This company also created "financial hubs" where they want to keep all the Financial Analysts together. This works well on paper, but this means we cannot move around internally (someone got an offer to move to corporate in a much better position but his manager rejected it). There also is no Senior FA position. Ours is FA -> Team Lead -> Finance Manager. Team lead takes about 4-5 years, and I don't think I have it in me to stay that long only to make less than an FA at another company.

Sayandarula, thanks for the encouragement. I prefer to go to a top MBA program in a few years. I networked to get an interview at a boutique consulting firm but didn't get the job. All the SFA positions I've seen online require about 5 years experience. It looks like the FLDP is out of the question then (I graduated Dec. 2009 so I'm far removed as it is).

Do B-schools really look MUCH less favorably at a standard FP&A versus FLDP? My company doesn't have an FLDP program, but I think the brand name generally impresses.

AllDay_028, thanks for the response as well. What are the key factors they look for in a SFA resume? My resume right now is tailored to management consulting (quantified results, leadership, brand names), what else could make it look good?

Oh god I'm going to be working with you starting next month. Well not necessarily with you but we'll be in the same building...

May 7, 2013
TwoThrones:

Do B-schools really look MUCH less favorably at a standard FP&A versus FLDP? My company doesn't have an FLDP program, but I think the brand name generally impresses.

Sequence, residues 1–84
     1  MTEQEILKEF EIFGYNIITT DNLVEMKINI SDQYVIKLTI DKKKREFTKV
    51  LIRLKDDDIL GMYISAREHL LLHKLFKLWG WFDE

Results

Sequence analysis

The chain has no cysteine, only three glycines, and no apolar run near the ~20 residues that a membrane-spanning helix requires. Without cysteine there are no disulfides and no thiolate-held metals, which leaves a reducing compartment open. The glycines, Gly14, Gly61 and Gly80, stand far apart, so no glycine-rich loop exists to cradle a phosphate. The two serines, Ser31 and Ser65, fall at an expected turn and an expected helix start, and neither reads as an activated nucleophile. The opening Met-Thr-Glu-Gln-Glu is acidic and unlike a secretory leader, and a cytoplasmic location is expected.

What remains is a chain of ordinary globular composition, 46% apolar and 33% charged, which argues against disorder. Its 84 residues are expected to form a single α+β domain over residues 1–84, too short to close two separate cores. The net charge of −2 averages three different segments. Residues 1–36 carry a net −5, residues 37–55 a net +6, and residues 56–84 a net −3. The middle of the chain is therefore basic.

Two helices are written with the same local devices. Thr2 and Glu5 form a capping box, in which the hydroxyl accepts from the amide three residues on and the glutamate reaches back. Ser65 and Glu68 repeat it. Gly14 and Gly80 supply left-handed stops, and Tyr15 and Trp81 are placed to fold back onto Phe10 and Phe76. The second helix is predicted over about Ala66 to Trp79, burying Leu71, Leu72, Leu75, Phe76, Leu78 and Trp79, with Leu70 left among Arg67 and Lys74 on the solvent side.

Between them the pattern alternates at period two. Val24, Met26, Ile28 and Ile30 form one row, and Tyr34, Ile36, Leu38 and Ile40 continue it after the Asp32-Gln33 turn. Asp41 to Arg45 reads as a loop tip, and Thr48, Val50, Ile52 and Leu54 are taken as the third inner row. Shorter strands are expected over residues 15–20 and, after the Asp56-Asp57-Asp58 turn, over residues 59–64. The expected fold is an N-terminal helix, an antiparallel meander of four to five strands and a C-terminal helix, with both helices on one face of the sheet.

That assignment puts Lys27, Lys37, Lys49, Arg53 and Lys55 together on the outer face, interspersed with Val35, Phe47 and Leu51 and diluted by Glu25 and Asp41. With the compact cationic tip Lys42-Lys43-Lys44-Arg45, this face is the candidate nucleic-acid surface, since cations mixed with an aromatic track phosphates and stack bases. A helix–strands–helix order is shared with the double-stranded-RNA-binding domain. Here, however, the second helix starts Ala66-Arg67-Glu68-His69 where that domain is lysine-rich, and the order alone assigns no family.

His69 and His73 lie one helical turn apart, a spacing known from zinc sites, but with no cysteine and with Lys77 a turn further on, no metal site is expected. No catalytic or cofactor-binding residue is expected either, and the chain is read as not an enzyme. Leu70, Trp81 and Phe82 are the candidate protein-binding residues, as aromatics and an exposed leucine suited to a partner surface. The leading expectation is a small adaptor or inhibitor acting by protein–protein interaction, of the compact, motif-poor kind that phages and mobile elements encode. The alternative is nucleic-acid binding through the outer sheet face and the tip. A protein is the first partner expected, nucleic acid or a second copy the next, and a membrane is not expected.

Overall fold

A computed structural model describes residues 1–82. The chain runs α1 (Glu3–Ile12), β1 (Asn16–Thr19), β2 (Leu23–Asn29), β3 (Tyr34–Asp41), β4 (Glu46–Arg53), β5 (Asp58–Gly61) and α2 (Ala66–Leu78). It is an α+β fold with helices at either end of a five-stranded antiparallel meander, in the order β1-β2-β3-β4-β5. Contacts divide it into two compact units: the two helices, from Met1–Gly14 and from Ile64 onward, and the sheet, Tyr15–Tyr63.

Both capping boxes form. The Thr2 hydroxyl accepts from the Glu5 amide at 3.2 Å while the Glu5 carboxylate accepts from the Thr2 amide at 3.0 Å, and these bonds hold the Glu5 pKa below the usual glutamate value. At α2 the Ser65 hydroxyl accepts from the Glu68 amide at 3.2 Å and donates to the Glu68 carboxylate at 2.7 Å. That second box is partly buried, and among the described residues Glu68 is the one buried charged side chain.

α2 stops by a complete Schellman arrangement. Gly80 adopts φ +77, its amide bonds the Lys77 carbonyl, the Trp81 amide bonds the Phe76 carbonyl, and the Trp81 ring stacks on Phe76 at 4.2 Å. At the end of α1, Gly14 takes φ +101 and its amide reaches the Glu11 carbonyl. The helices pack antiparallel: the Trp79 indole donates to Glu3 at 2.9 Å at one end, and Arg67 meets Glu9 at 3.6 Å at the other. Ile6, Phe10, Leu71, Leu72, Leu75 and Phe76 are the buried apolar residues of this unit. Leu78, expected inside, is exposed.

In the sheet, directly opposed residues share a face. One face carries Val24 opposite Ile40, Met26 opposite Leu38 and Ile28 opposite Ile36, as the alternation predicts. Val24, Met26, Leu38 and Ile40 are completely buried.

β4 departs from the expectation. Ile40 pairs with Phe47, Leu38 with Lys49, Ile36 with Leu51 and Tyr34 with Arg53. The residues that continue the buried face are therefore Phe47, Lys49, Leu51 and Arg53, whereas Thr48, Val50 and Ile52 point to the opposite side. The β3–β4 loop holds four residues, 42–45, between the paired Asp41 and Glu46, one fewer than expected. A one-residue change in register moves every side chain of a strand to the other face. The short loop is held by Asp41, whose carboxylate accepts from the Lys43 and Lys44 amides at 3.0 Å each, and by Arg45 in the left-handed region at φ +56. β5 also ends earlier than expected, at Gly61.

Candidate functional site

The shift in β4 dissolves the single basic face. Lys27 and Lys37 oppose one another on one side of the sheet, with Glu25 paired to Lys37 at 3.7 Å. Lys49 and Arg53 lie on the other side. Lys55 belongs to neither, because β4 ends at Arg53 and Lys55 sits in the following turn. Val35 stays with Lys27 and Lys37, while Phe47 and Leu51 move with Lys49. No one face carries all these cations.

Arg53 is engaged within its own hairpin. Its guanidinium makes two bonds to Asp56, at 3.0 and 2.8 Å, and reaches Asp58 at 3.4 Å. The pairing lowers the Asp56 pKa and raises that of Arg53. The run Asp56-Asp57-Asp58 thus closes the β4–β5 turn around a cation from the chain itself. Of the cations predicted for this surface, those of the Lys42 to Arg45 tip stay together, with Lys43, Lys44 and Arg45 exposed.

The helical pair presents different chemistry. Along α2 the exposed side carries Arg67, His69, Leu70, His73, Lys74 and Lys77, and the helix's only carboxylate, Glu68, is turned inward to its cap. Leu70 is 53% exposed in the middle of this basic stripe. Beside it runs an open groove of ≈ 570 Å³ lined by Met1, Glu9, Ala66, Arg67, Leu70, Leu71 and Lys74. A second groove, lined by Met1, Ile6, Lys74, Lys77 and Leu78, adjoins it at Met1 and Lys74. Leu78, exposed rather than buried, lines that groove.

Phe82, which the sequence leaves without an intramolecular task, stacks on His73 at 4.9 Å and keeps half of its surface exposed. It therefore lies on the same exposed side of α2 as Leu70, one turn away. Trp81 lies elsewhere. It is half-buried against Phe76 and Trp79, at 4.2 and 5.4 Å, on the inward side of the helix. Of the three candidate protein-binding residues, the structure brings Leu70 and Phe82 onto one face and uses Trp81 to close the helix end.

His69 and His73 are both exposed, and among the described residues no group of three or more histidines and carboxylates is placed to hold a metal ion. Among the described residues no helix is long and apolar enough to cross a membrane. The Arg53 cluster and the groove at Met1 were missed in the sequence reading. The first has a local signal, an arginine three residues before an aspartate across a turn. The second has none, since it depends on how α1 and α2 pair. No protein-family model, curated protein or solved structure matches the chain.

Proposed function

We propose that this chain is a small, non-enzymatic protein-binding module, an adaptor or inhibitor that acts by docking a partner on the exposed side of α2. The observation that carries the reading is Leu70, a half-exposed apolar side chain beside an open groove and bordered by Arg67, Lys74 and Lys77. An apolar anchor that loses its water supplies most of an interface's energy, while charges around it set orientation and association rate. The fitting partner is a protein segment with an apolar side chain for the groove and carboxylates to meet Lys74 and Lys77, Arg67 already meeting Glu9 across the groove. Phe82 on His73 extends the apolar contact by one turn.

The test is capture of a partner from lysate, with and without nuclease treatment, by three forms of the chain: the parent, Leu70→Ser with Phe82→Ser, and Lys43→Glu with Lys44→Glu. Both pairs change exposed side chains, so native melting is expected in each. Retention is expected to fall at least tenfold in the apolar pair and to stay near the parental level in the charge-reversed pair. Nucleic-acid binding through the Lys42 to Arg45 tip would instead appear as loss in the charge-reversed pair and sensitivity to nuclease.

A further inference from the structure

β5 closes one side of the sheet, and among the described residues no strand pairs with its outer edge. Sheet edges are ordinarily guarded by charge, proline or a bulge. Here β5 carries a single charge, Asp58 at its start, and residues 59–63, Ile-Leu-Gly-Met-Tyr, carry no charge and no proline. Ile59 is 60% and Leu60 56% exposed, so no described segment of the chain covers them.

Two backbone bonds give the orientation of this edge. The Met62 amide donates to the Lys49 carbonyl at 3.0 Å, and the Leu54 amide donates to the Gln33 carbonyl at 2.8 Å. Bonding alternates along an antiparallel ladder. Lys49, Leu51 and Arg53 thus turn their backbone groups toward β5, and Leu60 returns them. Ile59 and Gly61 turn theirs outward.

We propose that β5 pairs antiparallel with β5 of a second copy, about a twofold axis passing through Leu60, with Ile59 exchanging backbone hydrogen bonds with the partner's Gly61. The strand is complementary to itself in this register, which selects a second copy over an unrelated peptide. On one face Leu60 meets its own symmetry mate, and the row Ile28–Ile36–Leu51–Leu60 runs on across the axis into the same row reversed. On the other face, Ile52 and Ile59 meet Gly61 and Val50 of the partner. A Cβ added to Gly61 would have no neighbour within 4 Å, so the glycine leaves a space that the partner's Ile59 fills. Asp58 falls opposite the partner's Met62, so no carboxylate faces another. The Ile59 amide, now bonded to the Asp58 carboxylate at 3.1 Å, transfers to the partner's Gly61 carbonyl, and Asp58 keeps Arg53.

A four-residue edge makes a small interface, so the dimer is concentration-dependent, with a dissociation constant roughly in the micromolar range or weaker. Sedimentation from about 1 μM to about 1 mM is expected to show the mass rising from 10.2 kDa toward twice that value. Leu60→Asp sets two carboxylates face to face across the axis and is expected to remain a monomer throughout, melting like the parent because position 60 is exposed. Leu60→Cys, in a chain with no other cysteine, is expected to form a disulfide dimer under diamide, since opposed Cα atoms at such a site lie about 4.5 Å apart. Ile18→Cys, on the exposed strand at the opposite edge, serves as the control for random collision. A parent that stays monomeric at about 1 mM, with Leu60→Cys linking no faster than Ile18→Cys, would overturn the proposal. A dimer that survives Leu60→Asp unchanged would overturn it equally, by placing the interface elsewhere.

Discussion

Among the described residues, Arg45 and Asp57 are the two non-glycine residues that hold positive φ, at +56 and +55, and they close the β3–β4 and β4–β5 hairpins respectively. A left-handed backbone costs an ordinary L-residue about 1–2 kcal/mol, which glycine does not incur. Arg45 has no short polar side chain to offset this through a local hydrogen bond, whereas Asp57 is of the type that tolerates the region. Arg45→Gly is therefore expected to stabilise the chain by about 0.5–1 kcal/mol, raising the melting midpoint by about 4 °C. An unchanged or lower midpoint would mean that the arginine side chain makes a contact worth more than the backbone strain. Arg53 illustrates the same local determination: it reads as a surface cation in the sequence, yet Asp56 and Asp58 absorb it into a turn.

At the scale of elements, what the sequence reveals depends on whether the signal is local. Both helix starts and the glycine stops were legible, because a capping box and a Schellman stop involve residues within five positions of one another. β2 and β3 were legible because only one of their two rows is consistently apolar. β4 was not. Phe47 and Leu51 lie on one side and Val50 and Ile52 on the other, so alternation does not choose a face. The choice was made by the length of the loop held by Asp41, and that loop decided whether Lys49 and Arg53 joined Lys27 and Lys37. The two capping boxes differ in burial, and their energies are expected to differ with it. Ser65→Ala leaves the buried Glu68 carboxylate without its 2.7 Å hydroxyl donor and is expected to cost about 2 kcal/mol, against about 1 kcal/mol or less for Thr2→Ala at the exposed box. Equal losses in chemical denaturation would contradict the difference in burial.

People too often forget that FLDP is just a name.
Anyone can call their program a FLDP. There's not necessarily a formal definition and just because it's called a leadership development program does not mean your experience will be any better.

May 7, 2013

Partially b/c FLDPs offer exposure to a wide array of responsibilities, tasks and financial situations. Basically, the FLDP is a great tool to start for future CFOs. Many F500 companies tend to continue to allow rotations and lateral movement between departments to improve the quality of its financial team.

For instance, General Mills forces its employees to move to a different team/group every 2 years (i.e. FP&A to Corp Dev to Financial Ops, etc.). I know some of the biotech and healthcare groups (Baxter, Abbott Labs) do the same.

Note, by forced I mean suggested. It's generally not an actual requirement.

I think you should try and lateral to another group internally or look for another F500 employer to lateral to. Lots of senior analyst positions out there (you are probably eligible for those after 3-4 years of work experience).

May 7, 2013

I don't want to highjack the OP's thread, but can someone enlighten me as to why FP&A is so bad? I thought that out of a lot of corporate finance jobs, FP&A can include the more interesting finance functions like capital budgeting, forecasting, financial modeling, project finance, etc. This is why I was attracted to this function in the first place. Am I completely off as to what the job actually entails? I know there is a fair amount of accounting, but I thought you still got exposure to the aspects I mentioned (hence why it's FP&A and not just FP).

Again, sorry to highjack OP, but I was just curious.since everyone unanimously seems to hate FP&A in here. I know it's not corp dev, but my impression was that it's the next best thing and that it's not impossible to move into Corp Dev later on from FP&A if you do well there (harder than going from IB/MBB to Corp Dev obviously though)..

May 7, 2013
Accrual Dictator:

I thought that out of a lot of corporate finance jobs, FP&A can include the more interesting finance functions like capital budgeting, forecasting, financial modeling, project finance, etc. T

Do you have any idea what these terms your throwing out actually mean?
As in, what the day to day is actually like doing forecasting or capital budgeting, particularly if you sit at the corporate level?

90% of your day is spent putting other people's work together, checking other people's work, reconciling and trying to figure out why there is a minor discrepancy somewhere.

May 7, 2013

Yes, I am aware of what those terms mean in theory. Whether or not it actually ends up being the same in practice is a different matter and something I am ignorant of (hence why I'm asking).

May 8, 2013